What is Property Tax?
Property taxes represent a major expense for most homeowners, typically amounting to 1% to 3% of the home’s value each year.1 This recurring expense doesn’t go away when you pay off the mortgage. It’s a perpetual cost of home ownership. Some cities offer what’s known as property tax abatement or real estate tax abatement.
These programs can bring consumers significant savings, allow them to buy more home for the same price, or improve their chances of qualifying for a mortgage by putting a home’s total monthly payment within reach. As an added bonus, property tax abatement can improve a home’s resale value for as long as the abatement is in effect. In this article, we’ll take a closer look at property tax abatement programs, how you can find one when you’re home shopping and whether they have any drawbacks.
- Tax abatement programs reduce or eliminate the amount of property tax homeowners pay on new construction, rehabilitation and/or major improvements.
- The abatements won’t completely eliminate your property tax bill—you’ll still have to pay taxes on the value of the property before it was improved.
- You can buy a property that already has an abatement, or you can purchase an eligible property, make the required improvements, and apply for the abatement yourself.
- The purpose of these programs is to attract buyers to locations with lower demand, such as city neighborhoods being revitalized.
- Despite the savings, abatement programs can have drawbacks: The neighborhoods that qualify may be less desirable; after the abatement ends, your housing expense will jump significantly; and if you fall behind on your property tax, the abatement is likely to be cancelled.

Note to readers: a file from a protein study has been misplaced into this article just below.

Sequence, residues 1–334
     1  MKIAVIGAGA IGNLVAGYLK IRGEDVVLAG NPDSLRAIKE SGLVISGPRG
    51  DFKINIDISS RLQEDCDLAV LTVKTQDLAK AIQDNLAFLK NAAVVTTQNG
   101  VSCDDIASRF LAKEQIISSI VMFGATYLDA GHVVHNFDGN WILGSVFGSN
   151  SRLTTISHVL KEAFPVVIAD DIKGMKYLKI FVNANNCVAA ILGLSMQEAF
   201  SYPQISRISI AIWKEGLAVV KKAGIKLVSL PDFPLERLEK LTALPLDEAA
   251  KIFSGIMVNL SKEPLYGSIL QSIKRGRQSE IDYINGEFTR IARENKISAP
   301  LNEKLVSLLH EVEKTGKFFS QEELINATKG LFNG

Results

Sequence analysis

What Is a Property Tax Abatement?
Some cities have property tax abatement programs that eliminate or significantly reduce property tax payments on a home for years or even decades. The purpose of these programs is to attract buyers to locations with lower demand, such as city neighborhoods that are in the midst of revitalization efforts. Some cities offer tax abatements citywide, while others only offer them in designated areas. Some cities limit these programs to low-to-middle-income property owners, but many programs have no income restrictions.
You can buy a property that already has an abatement, or you can purchase an eligible property, make the required improvements, and apply for the abatement yourself. The first option is considerably easier because it means someone else has endured the headaches of construction and bureaucracy and all you have to do is move in.
Search Residential Tax Abatements in Cincinnati